Either way, businesses are learning that more data from IoT products helps them make more informed and well-reasoned business decisions. And as assets continue to transform from physical products to digital ones, businesses and entire industries are looking at ways to monetize IoT data to be used in the decision-making process.

 

In 2020, Data as a Service (DaaS) will continue to make IoT data an even more valuable commodity. In fact, in one of the more lucrative IoT trends, up to 90% of large enterprises are projected to be generating revenue from DaaS by next year. While companies will still use IoT data in a proprietary way to maximize their operations and differentiate their own IoT products and services, DaaS will let them also share their “solutions” throughout their industry—for a fee.

 

Prescriptive analytics will take IoT data and business intelligence in a new direction

Predictive analytics let a business forecast possible options and outcomes. The model is tried and true, but it’s also dated.

 

In a converse approach, prescriptive analytics go beyond forecasting and instead propose a range of actions a business can take and the probable outcomes of those actions. For IoT data, this type of analyzation will make a continued impact in 2020 as more tools become available for prescriptive analytics. Likewise, the more data to analyze, the better.

 

Driving the transition will be industries that use prescriptive analytics to assess supply, demand, pricing, and industry impacts when these and other market factors change. Enterprises will also use prescriptive analytics in conjunction with predictive analytics for business intelligence that gives executives insight, as well as foresight.

 

AI, IoT and the data-driven economy will change the perception of jobs and education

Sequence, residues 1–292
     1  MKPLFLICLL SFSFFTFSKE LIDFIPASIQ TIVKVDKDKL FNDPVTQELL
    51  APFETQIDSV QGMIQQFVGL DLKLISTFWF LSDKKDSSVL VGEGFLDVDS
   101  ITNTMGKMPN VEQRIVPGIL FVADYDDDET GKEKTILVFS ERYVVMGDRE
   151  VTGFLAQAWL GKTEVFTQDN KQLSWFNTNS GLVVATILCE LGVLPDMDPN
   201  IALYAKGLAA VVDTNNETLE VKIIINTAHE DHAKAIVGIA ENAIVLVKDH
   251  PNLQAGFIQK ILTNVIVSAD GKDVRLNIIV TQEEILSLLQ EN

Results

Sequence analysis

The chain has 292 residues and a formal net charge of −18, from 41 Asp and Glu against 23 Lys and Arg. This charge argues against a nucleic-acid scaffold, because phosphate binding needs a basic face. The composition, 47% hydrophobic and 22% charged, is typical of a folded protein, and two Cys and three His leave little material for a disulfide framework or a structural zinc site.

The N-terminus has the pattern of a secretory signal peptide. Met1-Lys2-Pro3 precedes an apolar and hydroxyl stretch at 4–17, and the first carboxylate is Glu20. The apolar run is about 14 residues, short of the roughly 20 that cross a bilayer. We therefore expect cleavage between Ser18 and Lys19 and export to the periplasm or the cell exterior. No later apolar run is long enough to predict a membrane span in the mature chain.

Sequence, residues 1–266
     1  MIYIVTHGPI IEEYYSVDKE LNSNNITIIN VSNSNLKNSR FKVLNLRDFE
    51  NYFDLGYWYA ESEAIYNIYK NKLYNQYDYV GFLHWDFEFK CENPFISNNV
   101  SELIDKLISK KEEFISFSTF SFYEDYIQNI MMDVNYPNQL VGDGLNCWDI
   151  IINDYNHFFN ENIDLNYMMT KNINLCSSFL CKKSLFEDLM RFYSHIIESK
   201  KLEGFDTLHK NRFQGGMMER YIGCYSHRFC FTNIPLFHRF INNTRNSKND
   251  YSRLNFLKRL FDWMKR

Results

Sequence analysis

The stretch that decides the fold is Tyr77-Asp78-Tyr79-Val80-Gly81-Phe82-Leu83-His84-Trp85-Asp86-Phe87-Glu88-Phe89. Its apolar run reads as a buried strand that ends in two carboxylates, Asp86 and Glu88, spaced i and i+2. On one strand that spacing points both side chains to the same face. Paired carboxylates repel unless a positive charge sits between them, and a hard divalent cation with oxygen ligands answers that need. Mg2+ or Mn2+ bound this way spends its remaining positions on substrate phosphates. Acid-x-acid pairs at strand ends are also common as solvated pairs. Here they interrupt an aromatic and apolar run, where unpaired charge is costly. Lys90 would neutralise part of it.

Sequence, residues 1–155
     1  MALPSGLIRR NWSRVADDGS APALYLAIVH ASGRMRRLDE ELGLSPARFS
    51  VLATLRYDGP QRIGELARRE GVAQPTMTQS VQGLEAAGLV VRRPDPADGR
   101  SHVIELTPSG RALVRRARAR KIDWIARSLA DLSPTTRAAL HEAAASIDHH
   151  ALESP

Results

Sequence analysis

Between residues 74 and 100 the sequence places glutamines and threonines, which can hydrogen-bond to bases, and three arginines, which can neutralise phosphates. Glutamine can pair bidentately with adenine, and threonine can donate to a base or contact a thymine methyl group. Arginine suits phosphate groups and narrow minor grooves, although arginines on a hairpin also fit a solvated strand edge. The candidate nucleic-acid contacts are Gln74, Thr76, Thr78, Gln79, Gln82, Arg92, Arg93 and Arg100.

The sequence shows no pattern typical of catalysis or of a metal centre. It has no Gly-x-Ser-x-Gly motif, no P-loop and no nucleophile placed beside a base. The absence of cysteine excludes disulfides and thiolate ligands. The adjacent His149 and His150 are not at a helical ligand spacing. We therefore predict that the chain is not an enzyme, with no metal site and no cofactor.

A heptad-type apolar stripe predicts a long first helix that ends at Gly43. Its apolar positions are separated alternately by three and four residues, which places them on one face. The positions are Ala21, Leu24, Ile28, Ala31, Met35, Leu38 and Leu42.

We just recently blogged about this topic, but the gist is: While AI is expected to eliminate 1.8 million jobs in 2020 according to analysts at Gartner, it will create 2.3 million new jobs during the same period. By 2025, AI-related job creation will reach 2 million net-new jobs. Education, healthcare, and the public sector are the frontrunners for these jobs, as is energy and particularly solar-powered energy.

 

Right now, it’s estimated there are roughly 300,000 AI professionals worldwide. But to fill the millions more positions coming up in the AI field alone, enterprises will need to be creative. A best case would be recruiting workers who already have AI backgrounds—although those odds aren’t favorable given the relatively small pool of experienced workers.

 

A more probable case would be training or retraining existing employees in AI and IoT technologies, and even using ML to augment human work for things like IoT data analytics. ClearObject CEO John McDonald addressed the issue more than a year ago. For the data-driven economy, he said, enterprises and industries as a whole must change their perception of jobs and education and the impact data will continue to make.

 

“Our current educational and economic climate is an early indicator that this (current) generation of individuals understand that the data economy requires a different skill set. Yet our education system isn’t designed to retrain tens of thousands or millions of people to become part of the data set that the data-driven economy will require.”

 

Indiana University just took a step in that direction when IU alumnus and IT pioneer Fred Luddy gifted $60 million to IU’s School of Informatics, Computing and Engineering. The funding will help establish a multidisciplinary initiative in AI, with an initial focus on AI-based approaches to digital health.

 

2020 will be a good time to accelerate the training movement for AI and IoT even more. Upcoming IoT trends demand it, as does an economy increasingly driven by data.

 

Contact Us

ClearObject is already geared up for 2020 and whatever IoT brings, including our Top 10 predictions for the year. (Look for the list coming soon.) Meantime, contact us for your IoT engagement and we’ll help you make the most of it.

 

www.clearobject.com